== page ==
Benjamin Powell, in contrast, takes the assumptions of Buchanan's model and asks whether government can bring an improvement. Where Buchanan concludes that people will engage in opportunistic behavior when external enforcement is lacking, Powell does not question the result. Instead, he uses the same assumptions as Buchanan to analyze the situation after we implement government. Powell argues that the idea that government can solve the prisoner's dilemma only holds if we assume the state to be an external force not constituted of humans. Once we recognize that government is necessarily composed of flesh and blood, the same results do not hold. If all people are Hobbesian egoists, why would we not expect government to act opportunistically? No theory or evidence suggests that people will become better once they join government. Even if we accept the pessimistic assumptions, anarchy cannot be ruled inferior.

Thomas Hogarty tries to rule anarchy inferior on empirical grounds. He provides three case studies to support why we should have government. As his first example of anarchy, Hogarty points out that brown rats do not have government, and, in fact, often bite each other. As his second example, Hogarty discusses how the children in Lord of the Flies did not have government and engaged in many malicious acts. As his final example, Hogarty argues that a prisoner-of-war camp during the American Civil War provides an example of individual interaction without a state. Rather than acting cooperatively, the prisoners engaged in aggressive behavior.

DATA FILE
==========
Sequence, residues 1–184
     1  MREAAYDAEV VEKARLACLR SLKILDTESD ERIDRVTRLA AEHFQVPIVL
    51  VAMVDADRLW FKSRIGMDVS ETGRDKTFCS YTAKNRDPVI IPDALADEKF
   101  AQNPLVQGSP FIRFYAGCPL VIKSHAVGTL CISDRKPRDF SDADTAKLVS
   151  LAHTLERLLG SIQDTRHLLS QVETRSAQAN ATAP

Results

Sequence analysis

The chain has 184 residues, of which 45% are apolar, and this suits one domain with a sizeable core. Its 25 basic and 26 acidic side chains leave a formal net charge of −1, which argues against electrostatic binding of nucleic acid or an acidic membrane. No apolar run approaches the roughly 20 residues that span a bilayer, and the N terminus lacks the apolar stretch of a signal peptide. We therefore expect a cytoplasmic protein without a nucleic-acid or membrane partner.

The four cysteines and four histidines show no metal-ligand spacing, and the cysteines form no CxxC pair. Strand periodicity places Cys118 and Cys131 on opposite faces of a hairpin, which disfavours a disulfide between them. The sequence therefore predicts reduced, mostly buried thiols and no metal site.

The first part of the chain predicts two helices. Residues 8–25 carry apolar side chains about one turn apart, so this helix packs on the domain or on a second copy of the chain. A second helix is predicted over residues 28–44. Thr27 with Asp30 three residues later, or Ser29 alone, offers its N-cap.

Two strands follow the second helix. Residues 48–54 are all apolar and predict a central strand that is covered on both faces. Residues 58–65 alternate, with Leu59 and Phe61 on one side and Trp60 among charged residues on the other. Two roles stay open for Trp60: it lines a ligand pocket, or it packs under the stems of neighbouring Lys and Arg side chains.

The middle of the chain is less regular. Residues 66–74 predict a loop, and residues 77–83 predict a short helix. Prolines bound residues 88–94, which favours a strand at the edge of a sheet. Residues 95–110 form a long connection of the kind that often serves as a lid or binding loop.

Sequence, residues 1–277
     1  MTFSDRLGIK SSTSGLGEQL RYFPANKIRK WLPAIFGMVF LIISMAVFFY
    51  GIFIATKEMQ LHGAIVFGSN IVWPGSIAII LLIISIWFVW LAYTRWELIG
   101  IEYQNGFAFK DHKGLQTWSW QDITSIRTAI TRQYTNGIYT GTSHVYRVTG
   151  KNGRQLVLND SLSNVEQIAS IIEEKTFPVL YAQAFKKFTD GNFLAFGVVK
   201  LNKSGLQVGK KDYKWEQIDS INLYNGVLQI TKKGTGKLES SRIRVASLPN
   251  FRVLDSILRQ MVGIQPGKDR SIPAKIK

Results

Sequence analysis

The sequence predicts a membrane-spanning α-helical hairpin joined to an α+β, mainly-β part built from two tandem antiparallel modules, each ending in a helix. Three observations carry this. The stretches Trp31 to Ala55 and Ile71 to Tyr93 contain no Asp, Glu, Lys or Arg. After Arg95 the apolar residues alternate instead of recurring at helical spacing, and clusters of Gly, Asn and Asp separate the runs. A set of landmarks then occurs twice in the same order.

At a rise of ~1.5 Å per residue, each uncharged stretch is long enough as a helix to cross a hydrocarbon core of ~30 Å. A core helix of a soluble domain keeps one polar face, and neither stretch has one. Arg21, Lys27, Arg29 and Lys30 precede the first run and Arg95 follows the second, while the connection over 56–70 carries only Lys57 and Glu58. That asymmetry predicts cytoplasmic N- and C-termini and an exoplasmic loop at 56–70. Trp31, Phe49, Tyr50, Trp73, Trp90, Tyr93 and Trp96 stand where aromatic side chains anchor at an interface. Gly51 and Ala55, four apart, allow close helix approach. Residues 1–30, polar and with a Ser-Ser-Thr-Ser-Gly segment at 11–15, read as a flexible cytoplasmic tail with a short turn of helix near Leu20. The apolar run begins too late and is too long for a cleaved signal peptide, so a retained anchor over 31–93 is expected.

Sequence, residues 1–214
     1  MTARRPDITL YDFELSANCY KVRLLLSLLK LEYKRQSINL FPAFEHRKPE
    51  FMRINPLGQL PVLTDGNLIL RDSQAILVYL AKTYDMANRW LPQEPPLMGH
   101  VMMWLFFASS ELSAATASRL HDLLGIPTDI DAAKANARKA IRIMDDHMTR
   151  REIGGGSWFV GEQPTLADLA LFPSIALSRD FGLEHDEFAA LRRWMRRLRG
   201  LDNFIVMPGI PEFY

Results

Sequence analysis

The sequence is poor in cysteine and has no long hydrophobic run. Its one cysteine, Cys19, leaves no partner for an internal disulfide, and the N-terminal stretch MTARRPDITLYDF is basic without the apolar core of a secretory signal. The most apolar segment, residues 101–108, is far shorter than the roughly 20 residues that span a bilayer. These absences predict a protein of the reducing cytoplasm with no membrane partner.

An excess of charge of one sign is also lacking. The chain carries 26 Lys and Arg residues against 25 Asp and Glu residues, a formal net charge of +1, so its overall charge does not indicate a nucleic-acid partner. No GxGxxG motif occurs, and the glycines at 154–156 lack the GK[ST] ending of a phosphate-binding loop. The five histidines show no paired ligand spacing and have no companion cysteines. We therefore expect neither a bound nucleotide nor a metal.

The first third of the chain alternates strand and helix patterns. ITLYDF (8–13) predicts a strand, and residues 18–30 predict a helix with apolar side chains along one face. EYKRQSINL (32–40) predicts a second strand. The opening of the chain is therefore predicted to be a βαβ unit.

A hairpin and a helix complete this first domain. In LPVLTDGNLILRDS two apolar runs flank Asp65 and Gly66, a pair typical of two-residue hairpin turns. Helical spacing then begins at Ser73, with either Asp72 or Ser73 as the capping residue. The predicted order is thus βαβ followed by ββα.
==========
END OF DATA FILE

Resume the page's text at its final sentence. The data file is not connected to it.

All three case studies lack cooperation, so Hogarty concludes we need government.

In response, Virgil Storr questions whether Hogarty's examples justify government. Yes, Storr agrees, brown rats removed from their familiar packs and placed among rats from different localities do in fact bite each other, but he questions how much this experiment can tell us about human cooperation. Storr also questions the extent to which a children's novel, a work of fiction, can be used to draw inferences about interaction under anarchy. Finally, Storr takes issue with the treatment of an overcrowded POW camp as a case study in anarchy. When government imprisons a group of people and controls their supplies, we should not be surprised if conflict arises. To Storr, none of these examples provides evidence of deficiencies in anarchy.